Abstract:This Item is concerned with material damping, a type of damping which is intrinsic in a structure in vibration. The emphasis is on materials which have engineering applications. Small amounts of damping at low stress levels can arise in all materials from thermoelasticity, which is amplitude-independent and frequency-dependent. With high applied stress, the damping is nonlinear. Nonlinear damping in metals and alloys is amplitude-dependent and frequency-independent. The main mechanisms responsible for nonlinear damping are associated with amplitude-dependent dislocations, magnetostriction, the heterogeneous structure of materials and phase transformations, all of which can give rise to relatively high damping with SDC values above 10%. In the case of composites, where fibres are embedded in a matrix, the damping is associated with damping within the matrix, as well as that which originates from relative slipping between the matrix and the fibre reinforcement. Metallic materials with high damping and good engineering properties are referred to as Hidamets and have specific damping capacities in excess of 10%. The damping of different materials has been compared in the Item. Composites have SDC values from 0.5 to 15%. The damping of steels has a wide range of SDC values from 0.05 to 5%, with the higher values occurring because of magnetomechanical damping. Hidamets include cast irons with a coarse flake structure and alloys of manganese with copper.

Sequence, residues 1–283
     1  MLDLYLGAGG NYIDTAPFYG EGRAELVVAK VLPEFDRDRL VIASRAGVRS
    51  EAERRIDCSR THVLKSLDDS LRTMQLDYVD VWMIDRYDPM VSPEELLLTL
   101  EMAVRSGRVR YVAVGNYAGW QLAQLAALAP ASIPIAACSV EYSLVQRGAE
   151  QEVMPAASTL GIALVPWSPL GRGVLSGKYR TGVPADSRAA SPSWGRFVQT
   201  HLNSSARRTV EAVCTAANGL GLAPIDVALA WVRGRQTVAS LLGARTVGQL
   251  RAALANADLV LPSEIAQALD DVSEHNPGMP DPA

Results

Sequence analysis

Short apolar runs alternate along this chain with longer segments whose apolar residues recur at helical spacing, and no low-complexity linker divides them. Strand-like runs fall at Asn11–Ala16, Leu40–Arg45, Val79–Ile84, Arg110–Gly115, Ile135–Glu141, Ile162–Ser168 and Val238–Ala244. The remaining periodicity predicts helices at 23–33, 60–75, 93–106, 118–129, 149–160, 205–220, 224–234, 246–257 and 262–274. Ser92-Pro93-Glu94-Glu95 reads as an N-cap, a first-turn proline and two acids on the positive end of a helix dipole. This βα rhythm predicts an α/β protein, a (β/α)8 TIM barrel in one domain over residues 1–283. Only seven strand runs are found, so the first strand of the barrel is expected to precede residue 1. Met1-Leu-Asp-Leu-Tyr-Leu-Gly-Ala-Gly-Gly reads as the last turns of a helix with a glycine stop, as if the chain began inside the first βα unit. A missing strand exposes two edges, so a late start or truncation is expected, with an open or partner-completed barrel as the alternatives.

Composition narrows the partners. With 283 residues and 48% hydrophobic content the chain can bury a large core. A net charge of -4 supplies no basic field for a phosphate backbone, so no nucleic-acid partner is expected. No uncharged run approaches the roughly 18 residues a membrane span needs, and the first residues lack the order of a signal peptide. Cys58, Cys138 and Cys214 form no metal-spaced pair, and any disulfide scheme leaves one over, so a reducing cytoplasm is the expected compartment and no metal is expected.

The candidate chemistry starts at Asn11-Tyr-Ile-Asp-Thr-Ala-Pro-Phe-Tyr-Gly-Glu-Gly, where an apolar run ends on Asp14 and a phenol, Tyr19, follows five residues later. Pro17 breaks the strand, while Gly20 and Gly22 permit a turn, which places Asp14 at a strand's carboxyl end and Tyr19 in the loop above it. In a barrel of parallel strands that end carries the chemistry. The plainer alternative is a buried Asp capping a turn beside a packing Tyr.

|Data Item ESDU 09006|